Interview with Christian Griffen – Chat-based play

Some of you may remember the interviews I did way back when (the ones with Sarah Kahn and Moyra Turkington). Well, that second one, the one with Mo, never got finished. What with her going of to India and all (and, I hope, having a wonderful time). Hopefully we’ll pick it up after she gets back and settles in, but we don’t know yet.

But the interviews are some of my favorite things to do around here, so I’m going to start up a new one. This time it’s Christian Griffen, one of Berengad Games, with the very interesting-looking Beast Hunters which I’m hoping to see by the end of next month.

Our nominal topic of discussion is online chat-based play. This is a very broad thing to talk about because there are dozens of ways that this sort of play is handled, and they all have something interesting to teach us.

The rules on this interview are much like they have been in the past. I ask the questions, Christian answers them, everyone else refrains from commenting. As soon as we’re done I’ll throw up a thread where the floor is open and everyone can ask Christian questions. I strongly encourage anyone who has questions during the interview that they want to see answered there to email them to me. This isn’t a case of me thinking that I’m the only one smart enough to come up with good questions. It just keeps things tidy and easy to follow.

I will be trying something new this time though. We’ll see how it goes. I’m going to start up a thread for the peanut gallery. This is a place for anyone and everyone to comment on what Christian and I are talking about. We might get involved over there in discussions, but I don’t know if we will yet. There is something to be said about letting you guys talk on your own.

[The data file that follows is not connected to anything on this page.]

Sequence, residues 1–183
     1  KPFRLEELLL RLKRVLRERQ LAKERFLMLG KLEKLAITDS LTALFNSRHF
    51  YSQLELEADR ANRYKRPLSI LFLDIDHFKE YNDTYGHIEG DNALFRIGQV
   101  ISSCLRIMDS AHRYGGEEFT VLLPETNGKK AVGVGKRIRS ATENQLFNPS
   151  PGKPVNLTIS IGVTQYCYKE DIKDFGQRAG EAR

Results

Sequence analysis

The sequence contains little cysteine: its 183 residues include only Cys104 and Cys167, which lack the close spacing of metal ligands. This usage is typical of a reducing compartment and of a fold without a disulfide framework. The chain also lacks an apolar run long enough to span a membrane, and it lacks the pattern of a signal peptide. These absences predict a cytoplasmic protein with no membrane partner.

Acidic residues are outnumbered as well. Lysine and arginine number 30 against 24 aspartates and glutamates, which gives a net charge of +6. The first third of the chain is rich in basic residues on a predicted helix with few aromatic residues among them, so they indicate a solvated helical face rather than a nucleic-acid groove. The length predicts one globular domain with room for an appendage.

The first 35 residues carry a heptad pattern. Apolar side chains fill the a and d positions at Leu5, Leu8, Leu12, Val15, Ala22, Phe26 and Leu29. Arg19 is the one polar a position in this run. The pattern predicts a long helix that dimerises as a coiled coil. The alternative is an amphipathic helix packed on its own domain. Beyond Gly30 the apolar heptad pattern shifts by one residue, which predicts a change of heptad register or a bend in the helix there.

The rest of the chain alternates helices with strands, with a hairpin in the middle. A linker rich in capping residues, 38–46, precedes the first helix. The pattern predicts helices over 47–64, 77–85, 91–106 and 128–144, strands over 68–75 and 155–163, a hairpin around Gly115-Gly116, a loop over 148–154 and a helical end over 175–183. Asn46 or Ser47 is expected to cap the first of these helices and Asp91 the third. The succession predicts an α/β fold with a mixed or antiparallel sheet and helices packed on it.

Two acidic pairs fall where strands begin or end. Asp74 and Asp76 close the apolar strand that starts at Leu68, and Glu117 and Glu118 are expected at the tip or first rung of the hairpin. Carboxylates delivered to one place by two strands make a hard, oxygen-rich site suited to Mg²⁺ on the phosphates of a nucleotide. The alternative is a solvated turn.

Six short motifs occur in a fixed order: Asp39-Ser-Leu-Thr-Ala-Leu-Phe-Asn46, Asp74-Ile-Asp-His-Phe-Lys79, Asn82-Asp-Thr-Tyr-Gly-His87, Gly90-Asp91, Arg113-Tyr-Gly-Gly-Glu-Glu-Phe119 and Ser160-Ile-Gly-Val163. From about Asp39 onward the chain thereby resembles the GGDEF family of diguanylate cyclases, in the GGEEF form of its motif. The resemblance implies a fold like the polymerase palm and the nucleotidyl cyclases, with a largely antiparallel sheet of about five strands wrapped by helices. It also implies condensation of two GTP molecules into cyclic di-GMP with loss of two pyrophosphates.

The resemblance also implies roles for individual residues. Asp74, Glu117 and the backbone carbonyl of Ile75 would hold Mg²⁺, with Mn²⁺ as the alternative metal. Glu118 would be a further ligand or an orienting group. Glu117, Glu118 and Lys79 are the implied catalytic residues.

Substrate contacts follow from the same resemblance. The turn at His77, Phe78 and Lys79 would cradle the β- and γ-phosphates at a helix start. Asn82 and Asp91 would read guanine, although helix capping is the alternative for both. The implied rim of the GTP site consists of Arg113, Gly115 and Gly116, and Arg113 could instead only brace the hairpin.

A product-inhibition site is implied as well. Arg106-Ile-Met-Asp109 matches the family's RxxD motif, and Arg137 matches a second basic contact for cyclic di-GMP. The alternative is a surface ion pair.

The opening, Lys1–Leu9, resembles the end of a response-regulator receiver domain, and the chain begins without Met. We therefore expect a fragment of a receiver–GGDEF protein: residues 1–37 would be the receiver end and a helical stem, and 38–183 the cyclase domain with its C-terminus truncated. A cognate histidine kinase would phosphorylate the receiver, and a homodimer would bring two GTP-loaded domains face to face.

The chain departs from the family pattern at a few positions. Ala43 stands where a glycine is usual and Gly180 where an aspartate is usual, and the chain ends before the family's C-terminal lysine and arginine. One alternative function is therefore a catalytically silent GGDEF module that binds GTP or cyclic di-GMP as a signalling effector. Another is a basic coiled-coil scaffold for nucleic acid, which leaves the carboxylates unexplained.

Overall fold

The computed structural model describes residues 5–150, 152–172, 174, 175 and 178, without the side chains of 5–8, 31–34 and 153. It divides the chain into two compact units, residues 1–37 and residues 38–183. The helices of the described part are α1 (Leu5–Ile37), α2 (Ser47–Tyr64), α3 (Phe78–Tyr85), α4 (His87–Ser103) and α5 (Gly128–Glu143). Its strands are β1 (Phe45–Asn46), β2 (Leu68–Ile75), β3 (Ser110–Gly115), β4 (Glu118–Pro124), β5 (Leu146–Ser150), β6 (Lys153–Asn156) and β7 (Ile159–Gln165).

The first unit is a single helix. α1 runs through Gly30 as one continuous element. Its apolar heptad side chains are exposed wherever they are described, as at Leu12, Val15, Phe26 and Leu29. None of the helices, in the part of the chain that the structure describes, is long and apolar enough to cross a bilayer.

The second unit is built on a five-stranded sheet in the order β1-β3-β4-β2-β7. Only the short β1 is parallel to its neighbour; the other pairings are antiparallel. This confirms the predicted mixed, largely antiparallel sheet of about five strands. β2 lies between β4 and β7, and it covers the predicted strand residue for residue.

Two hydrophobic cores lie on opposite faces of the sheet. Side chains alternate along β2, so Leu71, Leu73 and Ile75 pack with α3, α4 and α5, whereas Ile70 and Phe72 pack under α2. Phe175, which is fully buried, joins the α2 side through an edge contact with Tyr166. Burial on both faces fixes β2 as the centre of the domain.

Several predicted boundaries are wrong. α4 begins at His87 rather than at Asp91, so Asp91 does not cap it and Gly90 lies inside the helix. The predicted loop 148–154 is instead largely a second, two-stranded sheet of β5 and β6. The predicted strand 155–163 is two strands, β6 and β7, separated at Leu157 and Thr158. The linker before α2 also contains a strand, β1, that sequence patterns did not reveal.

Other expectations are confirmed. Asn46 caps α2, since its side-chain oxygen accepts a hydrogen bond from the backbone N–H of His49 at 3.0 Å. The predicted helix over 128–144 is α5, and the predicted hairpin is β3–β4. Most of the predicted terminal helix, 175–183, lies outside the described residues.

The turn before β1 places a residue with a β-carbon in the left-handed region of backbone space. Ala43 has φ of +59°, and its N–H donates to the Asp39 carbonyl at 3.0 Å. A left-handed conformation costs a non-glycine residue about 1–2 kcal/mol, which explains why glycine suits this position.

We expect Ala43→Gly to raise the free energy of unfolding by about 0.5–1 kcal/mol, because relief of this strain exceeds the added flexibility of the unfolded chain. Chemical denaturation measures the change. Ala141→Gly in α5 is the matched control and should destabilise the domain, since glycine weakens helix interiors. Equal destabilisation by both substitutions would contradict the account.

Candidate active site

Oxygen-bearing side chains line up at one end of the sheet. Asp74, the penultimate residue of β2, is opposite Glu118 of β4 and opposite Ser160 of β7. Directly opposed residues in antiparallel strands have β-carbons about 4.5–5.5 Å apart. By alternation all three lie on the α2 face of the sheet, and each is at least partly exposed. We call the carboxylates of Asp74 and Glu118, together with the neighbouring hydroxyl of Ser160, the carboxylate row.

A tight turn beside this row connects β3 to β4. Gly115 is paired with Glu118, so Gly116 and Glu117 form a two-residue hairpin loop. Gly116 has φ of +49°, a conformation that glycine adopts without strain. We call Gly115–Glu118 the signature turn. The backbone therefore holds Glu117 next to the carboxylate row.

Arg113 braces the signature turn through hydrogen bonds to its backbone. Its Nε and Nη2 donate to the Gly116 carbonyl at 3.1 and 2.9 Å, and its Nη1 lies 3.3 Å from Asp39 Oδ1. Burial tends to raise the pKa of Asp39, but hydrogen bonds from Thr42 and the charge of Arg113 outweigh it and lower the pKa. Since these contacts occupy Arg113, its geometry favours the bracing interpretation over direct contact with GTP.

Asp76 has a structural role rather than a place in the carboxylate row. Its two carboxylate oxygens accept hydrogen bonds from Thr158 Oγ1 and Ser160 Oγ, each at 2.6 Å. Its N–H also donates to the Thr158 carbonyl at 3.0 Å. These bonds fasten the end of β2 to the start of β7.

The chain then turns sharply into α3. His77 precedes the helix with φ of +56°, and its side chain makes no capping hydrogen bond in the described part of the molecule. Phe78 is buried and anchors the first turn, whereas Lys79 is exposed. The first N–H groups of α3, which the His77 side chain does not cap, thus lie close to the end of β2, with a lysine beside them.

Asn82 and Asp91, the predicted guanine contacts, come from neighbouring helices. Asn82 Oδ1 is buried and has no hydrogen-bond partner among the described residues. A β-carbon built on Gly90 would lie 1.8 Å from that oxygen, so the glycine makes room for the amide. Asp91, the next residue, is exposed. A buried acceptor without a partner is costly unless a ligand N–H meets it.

Without further preamble, let’s get this party started!

1. Tell us a bit about yourself, in general. Who are you, what do you do, what’s your shoe size? You know, the important stuff.

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20 Responses to “Interview with Christian Griffen – Chat-based play”

  1. xenopulse says:

    Hi, and thanks for having me :)

    My full name is Christian Woldmann Griffen. I am German, but immigrated to the US in 2000 to be with my wonderful wife, Lisa. My middle name used to be my family name, but we picked a new last name together when we got married for Egalitarian and Feminist reasons. We’re raising three boys on the outskirts of Portland, Oregon. I currently work as a paralegal and have worked as an individual caretaker, news producer, and litigation analyst. I also was a teaching assistant for two years while earning my MA in Political Science here in Portland.

    I’ve always been a creative person with too many interests. I mostly write stories and compose songs and obviously have a great passion for playing and designing roleplaying games. I often go under the nickname “xenopulse,” because I used that pseudonym in my early “tracking” days–tracking is a way of creating songs, and if you google the name, you’ll find some old tunes of mine. You’ll also find that I enjoy posting in all sorts of places: RP fora, computer gaming sites, political blogs, etc. I help out as a moderator at Story Games as well.